Widgets Magazine


Not if, but when (and wear)

Have you ever worn Google Glass? A FitBit tracker? Some other wearable device?

(Courtesy of UpRating.com via Flickr)

(Courtesy of UpRating.com via Flickr)

If so, what impressions did you take away from the experience? If not, can you visualize yourself sporting glasses that make you look like you just stepped off an episode of Star Trek?

I’m somewhat of a technologist and technophile, yet I can’t imagine wanting to wear Google Glass or a similarly unusual and conspicuous device in everyday life.

Still, the flow of technology seems to inevitably move us in that direction. So, how will the industry unfold? I predict three stages:

1. Inconspicuousness: We’ll begin by wearing devices that others can’t see, such as in-shoe trackers. These devices promise a range of easily imaginable benefits at no cost to our image. Provided they’re usable and affordable, I can’t imagine we’ll much hesitate to don them. In fact, many already do.

2. Fashionability: Some innovative company, likely Apple, will release a device that’s noticeable but unobtrusive, something like an iWatch. Early adopters will jump on such devices, and because of the devices’ intrinsic attractiveness, mainstream users (Geoffrey Moore’s “early majority”) won’t hesitate to follow suit.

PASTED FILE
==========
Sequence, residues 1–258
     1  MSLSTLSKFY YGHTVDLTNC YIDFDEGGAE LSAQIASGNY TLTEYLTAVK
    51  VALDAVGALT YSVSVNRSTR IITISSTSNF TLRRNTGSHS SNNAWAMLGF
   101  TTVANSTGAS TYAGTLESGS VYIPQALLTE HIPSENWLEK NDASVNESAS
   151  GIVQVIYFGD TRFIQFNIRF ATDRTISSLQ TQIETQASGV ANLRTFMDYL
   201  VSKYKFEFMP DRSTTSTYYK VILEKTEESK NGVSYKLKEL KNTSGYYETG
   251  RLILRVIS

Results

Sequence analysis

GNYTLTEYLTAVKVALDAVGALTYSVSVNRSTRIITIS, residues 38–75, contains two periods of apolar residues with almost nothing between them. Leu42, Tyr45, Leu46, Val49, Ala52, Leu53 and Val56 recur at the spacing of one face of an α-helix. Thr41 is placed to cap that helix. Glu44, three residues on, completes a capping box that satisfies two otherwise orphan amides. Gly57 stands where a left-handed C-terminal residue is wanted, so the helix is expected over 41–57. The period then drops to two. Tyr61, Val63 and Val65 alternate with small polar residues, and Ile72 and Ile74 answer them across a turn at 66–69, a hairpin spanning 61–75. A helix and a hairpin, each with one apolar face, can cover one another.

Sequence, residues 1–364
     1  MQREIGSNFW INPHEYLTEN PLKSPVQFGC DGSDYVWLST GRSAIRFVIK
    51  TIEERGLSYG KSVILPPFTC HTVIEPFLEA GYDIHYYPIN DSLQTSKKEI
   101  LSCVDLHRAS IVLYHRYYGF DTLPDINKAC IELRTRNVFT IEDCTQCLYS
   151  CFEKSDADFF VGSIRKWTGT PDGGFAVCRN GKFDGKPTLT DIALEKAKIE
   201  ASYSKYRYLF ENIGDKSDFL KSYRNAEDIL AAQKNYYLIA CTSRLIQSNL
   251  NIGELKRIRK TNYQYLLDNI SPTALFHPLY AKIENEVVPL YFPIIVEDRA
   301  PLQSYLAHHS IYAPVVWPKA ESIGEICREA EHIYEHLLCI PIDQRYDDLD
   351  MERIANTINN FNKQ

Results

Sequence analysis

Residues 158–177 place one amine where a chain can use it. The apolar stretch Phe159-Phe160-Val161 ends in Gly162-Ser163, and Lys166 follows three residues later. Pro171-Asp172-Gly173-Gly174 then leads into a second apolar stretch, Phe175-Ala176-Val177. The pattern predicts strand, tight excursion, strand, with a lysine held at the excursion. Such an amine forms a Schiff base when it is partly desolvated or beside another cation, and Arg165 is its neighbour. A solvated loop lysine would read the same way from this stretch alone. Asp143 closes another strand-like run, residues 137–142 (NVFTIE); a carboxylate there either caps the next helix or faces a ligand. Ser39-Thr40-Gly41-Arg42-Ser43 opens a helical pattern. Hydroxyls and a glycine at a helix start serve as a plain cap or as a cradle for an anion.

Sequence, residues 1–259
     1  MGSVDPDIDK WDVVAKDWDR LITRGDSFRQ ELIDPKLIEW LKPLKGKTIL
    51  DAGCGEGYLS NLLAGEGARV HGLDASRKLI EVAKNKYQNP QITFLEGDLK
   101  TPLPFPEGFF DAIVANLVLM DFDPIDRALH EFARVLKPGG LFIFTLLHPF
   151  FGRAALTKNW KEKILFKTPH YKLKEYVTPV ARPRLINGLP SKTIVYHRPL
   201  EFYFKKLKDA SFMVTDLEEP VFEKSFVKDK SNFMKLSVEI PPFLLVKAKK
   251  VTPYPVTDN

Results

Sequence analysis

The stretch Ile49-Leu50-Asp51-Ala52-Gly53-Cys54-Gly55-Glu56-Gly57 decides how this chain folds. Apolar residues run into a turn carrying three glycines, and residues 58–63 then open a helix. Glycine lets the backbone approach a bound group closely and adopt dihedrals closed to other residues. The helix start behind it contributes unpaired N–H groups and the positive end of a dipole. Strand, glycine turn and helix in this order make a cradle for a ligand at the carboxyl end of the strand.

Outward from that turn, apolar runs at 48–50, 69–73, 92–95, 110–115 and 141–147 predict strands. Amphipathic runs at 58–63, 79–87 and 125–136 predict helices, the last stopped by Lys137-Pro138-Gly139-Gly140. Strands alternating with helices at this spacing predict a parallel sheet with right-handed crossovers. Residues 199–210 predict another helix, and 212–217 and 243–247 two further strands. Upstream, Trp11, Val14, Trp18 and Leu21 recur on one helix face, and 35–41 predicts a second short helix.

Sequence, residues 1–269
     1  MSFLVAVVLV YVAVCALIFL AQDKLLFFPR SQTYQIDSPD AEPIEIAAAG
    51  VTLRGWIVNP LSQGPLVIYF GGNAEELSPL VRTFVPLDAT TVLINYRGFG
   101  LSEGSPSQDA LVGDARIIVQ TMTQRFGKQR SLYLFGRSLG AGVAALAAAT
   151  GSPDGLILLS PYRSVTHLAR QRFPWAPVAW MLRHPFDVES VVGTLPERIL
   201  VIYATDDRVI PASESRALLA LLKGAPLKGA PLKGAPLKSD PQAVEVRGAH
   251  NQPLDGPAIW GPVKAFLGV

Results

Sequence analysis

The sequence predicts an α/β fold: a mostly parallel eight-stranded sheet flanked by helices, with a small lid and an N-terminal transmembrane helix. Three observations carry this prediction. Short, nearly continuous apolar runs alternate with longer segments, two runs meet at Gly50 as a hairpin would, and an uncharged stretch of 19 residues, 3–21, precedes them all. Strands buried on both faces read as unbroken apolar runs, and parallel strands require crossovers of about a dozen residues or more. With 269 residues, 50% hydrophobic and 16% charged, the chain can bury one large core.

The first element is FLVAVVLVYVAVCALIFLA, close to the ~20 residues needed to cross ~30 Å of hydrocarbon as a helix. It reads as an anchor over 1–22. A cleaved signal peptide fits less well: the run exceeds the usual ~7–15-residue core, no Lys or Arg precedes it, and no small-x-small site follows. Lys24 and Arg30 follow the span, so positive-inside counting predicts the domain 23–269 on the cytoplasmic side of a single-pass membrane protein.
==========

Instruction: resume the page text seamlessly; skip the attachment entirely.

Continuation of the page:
3. Ubiquity: Having tasted wearable technology under the guise of fashion, users will gradually lose their aversion to the idea. In this stage, wearable devices will become increasingly common from head to toe. One writer recently called this stage “borgification”. I prefer to label such a phenomenon with a less obnoxious term: “ubiquity.”

These three stages imply three concurrent sine qua non conditions that makers of wearable devices will need to meet: (1) affordability, (2) inoffensiveness, and (3) usability. Google Glass has, so I read, largely failed on all three counts — the device appeals only to the subset of early adopters who have both wealth to burn and no concern for their image.

But if the rumors about Apple announcing an affordable, fashionable and usable iWatch later this year prove correct, then mainstream users, such as myself, might — sooner than we imagine — move one step closer to ubiquity of wearable devices. Let’s just hope that doesn’t mean “borgification.”

This post was originally published on thedishdaily.com before it was acquired by The Stanford Daily in summer 2014.